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Multi-Ethnic Bird Guide of the Subantarctic Forests of South America

Ricardo Rozzi and collaborators

Publication Year: 2010

The subantarctic forests of South America are the world’s southernmost forested ecosystems. The birds have sung in these austral forests for millions of years; the Yahgan and Mapuche peoples have handed down their bird stories from generation to generation for hundreds of years. In Multi-ethnic Bird Guide of the Subantarctic Forests of South America, Ricardo Rozzi and his collaborators present a unique combination of bird guide and cultural ethnography. The book includes entries on fifty bird species of southern Chile and Argentina, among them the Magellanic Woodpecker, Rufous-Legged Owl, Ringed Kingfisher, Buff-Necked Ibis, Giant Hummingbird, and Andean Condor. Each bird is named in Yahgan, Mapudungun, Spanish, English, and scientific nomenclature, followed by a description, full color photographs, the bird’s distribution map, habitat and lifestyle, and its history in the region. Each entry is augmented further with indigenous accounts of the bird in history and folklore. “Highly original in its approach of combining information on natural history and biodiversity with information on the region’s human cultural and linguistic diversity.”—Chris Elphick, coauthor of The Sibley Guide to Bird Life and Behavior

Published by: University of North Texas Press


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Title Page, Copyright Page

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p. vii

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pp. 9-11

I begin with the following statement from Section III: “Each time we observe a bird, our perception is informed by something of the bird, and something of ourselves—our senses, instruments, and concepts.” Our instruments, surely: we often observe birds with the help of binoculars, which bring the birds closer and reveal detail not revealed to the naked eye. Our senses, not so obviously, but just as surely as our instruments: our eyes perceive the bird’s shape and color. But what is color? It is the ...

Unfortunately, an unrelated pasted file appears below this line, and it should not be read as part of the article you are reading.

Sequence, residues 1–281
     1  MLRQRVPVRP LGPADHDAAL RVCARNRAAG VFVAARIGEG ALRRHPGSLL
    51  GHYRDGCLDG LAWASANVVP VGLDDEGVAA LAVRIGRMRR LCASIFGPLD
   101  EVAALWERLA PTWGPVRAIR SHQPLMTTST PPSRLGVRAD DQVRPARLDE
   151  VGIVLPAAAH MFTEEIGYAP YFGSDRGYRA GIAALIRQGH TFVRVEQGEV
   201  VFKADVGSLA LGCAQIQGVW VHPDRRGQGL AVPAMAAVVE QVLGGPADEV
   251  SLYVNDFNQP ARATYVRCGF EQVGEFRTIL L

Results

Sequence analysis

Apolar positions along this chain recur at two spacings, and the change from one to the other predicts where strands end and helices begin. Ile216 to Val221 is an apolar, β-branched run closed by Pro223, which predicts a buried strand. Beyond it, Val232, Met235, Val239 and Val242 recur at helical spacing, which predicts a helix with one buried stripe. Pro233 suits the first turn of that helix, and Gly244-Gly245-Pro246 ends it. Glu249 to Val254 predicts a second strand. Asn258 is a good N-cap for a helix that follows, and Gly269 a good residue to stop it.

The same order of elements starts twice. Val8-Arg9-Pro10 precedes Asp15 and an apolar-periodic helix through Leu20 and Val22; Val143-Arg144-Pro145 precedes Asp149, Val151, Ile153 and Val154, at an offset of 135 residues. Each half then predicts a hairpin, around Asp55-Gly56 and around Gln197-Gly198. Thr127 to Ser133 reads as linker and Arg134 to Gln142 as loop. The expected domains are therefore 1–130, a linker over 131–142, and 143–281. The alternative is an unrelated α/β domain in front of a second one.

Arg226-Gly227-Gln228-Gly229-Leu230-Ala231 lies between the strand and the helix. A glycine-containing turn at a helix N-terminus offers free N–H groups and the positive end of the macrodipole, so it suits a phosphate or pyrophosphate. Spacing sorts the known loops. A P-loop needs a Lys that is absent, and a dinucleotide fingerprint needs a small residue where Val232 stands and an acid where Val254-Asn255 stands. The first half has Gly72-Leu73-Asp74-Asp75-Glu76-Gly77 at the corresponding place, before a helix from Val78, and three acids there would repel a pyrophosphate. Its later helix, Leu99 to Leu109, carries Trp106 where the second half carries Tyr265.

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p. 13

The forests of southern Chile and Argentina are unique ecosystems and they are highlighted by their great richness and productivity. A relevant element of their diversity is the avian fauna, which are very close animals for humans; they are in our dreams and our fears, in myths and legends. They are in the stories that our grandparents pass down to us, and they are in the national coat of arms of many nations (e.g. the Andean condor is on the shield of Chile, Bolivia, and Colombia). With their ...

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pp. 15-37

The bird songs, names and stories recorded on the CDs of this guide book begin with the song of the hummingbird, the cry of the barn owl, the percussion and calls of a woodpecker family, together with the murmur of the Robalo River and the music of Mapuche poet Lorenzo Aillapan’s trutruka. The auditory journey continues with the vocalizations of fifty birds that inhabit the forests of austral South America along with their Yahgan, Mapudungun, Spanish and English names. Then, we present ...

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pp. 38-39

After the death of her mother, when she was barely 7 years old, she lived with her half-sister Dora and her brother Juan. When she was 14, she worked on the R

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BRIEF BIOGRAPHY OF THE Mapuche Bird-Man or Üñümche

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pp. 40-41

At age 11, Lorenzo went for the first time in primary school (the Methodist School of Rucatraru), and he began to understand the Chilean/Spanish language. After completing his primary education, with the help of the North American benefactors Rann Crawford, Husell Sargent and Nancy Sargent, Lorenzo went to the Methodist Farming School of Nueva Imperial. He also studied at the Men’s High School of Nueva Imperial. Later, he completed his higher education and worked in Santiago, the ...

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Explanation of the Layout Forest Birds

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pp. 42-46